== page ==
Wednesday, October 7, 2009

Another Lesson From Mom

Another lesson I learned from my mother was to always honor my husband.

The Bible teaches that the husband is the head of the home (Mom always said the wife was the neck and she can help him turn in the right direction), and just like in every walk of life where someone is "in charge" (a boss a work, the principal of a school, the county sheriff, a mayor, a governor, a president, etc.), the husband is the one ultimately responsible for the decisions made in a particular household.

Will wives always agree with the decisions that their husbands make? Probably not. However, is it our job to belittle our husbands (especially in front of others) in order to make ourselves look better and to clear us of any responsibility when things go wrong? No.

My mother taught us to pray. Pray for your husband all the time. Pray that God will give him wisdom in his roll as the ultimate decision maker. Pray that he will be a man of integrity and make right decisions when no one (besides God) is around to see him. Pray that he becomes a man of prayer and turns to the Lord everytime a decision needs to made. Pray for his safety as he goes to work. Pray and thank God for the man He has blessed you with. Pray that God will help you to be the wife that your husband needs you to be in this world where it can feel like everything is against him. And pray that God will give you wisdom as you take the other step that my mother taught us- the appeal.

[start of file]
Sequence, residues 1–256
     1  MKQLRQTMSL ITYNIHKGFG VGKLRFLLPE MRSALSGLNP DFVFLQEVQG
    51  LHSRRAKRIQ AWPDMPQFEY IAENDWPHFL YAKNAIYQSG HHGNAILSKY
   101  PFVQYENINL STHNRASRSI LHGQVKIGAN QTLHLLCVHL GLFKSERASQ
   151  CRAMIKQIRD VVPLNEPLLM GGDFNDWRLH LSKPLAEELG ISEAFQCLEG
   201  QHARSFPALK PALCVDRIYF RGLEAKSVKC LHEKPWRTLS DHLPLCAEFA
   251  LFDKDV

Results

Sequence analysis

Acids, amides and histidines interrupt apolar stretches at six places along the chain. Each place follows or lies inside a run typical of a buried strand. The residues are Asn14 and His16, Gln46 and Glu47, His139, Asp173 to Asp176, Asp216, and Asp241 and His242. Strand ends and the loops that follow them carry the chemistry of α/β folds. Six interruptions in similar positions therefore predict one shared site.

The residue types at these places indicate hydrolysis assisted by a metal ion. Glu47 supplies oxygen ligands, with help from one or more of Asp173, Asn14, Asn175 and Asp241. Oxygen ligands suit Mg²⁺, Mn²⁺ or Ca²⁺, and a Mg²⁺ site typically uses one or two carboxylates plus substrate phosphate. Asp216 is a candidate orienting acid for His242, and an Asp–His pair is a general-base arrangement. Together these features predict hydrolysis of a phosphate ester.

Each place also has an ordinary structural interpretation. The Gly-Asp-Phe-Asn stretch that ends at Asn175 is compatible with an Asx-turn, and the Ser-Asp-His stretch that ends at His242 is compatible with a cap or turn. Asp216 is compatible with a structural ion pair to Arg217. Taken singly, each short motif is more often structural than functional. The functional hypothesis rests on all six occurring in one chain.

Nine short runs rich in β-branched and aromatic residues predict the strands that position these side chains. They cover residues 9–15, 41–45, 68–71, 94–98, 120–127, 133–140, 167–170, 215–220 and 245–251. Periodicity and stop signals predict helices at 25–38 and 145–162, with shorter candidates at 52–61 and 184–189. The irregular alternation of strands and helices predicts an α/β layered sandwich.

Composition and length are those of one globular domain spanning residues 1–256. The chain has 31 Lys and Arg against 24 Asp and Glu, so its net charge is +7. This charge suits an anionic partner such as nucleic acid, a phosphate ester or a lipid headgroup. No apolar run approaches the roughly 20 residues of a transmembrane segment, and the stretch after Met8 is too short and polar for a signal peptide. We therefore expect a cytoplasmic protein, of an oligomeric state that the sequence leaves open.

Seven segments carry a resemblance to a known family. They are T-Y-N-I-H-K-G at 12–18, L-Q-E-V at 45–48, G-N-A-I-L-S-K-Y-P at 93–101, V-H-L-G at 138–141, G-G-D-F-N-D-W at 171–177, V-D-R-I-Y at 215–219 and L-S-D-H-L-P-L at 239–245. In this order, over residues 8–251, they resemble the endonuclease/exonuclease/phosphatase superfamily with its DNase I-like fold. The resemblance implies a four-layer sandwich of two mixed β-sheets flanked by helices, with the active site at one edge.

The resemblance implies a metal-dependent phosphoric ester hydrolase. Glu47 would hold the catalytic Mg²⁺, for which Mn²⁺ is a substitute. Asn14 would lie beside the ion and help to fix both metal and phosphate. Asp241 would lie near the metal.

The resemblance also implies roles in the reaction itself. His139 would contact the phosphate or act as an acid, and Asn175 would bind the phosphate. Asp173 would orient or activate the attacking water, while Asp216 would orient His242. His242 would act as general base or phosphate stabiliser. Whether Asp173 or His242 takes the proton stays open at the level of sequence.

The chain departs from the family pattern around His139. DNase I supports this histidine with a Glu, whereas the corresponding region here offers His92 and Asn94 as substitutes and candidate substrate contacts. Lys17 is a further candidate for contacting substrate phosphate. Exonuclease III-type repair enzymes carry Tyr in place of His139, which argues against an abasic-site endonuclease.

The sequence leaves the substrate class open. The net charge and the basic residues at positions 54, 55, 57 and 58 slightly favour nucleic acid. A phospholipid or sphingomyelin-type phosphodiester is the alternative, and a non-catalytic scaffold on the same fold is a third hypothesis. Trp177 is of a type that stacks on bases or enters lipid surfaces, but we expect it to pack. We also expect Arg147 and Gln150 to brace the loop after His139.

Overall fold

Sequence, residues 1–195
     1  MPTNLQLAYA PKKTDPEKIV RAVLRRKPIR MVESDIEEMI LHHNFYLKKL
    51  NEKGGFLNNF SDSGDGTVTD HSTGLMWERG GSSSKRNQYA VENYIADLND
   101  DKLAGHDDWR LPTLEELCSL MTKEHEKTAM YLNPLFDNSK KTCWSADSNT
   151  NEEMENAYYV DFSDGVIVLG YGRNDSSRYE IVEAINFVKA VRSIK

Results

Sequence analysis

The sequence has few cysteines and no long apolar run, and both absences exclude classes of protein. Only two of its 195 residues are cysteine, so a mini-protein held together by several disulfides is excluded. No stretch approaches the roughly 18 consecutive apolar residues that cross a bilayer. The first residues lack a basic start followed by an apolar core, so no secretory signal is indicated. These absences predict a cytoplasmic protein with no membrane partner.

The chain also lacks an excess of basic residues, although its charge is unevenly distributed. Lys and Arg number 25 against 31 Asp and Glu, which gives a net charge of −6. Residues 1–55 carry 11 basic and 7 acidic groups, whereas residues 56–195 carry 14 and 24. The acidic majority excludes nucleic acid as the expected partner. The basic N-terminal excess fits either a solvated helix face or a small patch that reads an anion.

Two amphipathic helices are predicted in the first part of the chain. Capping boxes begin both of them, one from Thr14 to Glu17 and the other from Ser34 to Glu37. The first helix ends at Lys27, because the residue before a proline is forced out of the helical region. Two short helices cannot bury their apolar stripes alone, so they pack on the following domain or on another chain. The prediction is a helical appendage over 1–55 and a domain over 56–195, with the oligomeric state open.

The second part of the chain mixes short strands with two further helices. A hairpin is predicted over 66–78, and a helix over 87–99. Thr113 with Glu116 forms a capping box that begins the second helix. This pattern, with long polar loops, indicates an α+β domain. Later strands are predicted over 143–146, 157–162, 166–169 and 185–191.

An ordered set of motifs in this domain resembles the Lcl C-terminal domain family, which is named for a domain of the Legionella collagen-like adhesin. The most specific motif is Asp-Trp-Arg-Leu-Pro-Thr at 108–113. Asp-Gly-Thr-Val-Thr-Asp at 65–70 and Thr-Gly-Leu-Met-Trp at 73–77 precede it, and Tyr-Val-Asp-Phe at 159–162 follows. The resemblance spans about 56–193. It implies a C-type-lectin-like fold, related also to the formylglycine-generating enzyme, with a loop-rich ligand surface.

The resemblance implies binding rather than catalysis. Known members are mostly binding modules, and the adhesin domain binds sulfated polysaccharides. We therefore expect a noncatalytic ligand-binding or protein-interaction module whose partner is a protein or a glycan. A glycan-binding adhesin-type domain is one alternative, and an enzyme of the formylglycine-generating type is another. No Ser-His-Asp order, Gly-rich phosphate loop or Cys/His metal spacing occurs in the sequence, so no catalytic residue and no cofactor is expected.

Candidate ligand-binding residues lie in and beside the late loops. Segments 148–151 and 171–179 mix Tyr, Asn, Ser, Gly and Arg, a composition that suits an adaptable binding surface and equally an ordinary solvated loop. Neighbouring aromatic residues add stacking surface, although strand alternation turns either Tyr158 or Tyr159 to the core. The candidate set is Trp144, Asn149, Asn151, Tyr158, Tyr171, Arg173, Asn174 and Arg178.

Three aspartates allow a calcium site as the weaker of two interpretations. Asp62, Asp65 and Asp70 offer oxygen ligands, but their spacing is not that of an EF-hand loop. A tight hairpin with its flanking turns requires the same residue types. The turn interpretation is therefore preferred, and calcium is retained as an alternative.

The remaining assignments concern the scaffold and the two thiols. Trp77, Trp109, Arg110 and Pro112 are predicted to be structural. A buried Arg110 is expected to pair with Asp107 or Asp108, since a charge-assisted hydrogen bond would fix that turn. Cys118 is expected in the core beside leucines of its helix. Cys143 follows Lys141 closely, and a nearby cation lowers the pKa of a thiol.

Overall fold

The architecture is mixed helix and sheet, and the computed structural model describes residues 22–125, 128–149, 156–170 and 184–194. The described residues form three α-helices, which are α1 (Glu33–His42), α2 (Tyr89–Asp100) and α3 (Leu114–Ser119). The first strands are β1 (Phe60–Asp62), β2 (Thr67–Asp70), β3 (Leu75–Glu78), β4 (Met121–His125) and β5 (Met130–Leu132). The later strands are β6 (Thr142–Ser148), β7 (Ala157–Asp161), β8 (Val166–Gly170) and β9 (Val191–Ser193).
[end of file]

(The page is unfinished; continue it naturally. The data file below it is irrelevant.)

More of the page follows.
This is a step that is demonstated in the book of Esther. Esther had to confront the King about a decision he made in ignorance that would lead to her death. Instead of belittling him for ignorantly signing the edict that would permanently become law, going along with his friends without looking into the facts of the matter, and letting his pride get the better of him, she chose to approach the situation in a tactfully wise way.

She made him dinner (didn't our mothers tell us that the way to a man's heart is through his stomach?). She not only made him dinner, but she also invited the king's right hand man (the one who actually came up with the death warrant). And not only did she make them both dinner one night, but she did this two nights in a row! Then, she waited until the king asked her if something was wrong (boy, do I admire her!).

How many of us would rather just get it off of our chest, say what we feel or think, and then spend the time later regretting taking such quick action? When she was given the opportunity to finally speak, she made her complaint with such grace, that the king ordered a law to be made that would counteract the previous law (in the manner of the Medes and Persians, once a law was made it could not be taken back).

The appeal gives us a chance to show our husband that we have a different opinion than his, but it does it in a way that respects his leadership and will offer him a way to save face (do we really want to crush our husband's spirit?).

I also believe that the appeal honors God in our approach to our husband, and He sees our heart and will take action on our behalf. Whether or not the appeal works, we have done what we can, and I believe our hands are clean when our husbands make their decision. I think the appeal also helps us to save face if our husbands' decision turns out to be right. We will not have made ourselves look ridiculous if we reacted with calmness rather than flying off the handle.

How different would the account of Esther have been had she blown up all over the king the minute she heard of the plot against her people?

Pray for your husband... and when you disagree with him, ask God to give you the words you need to appeal.

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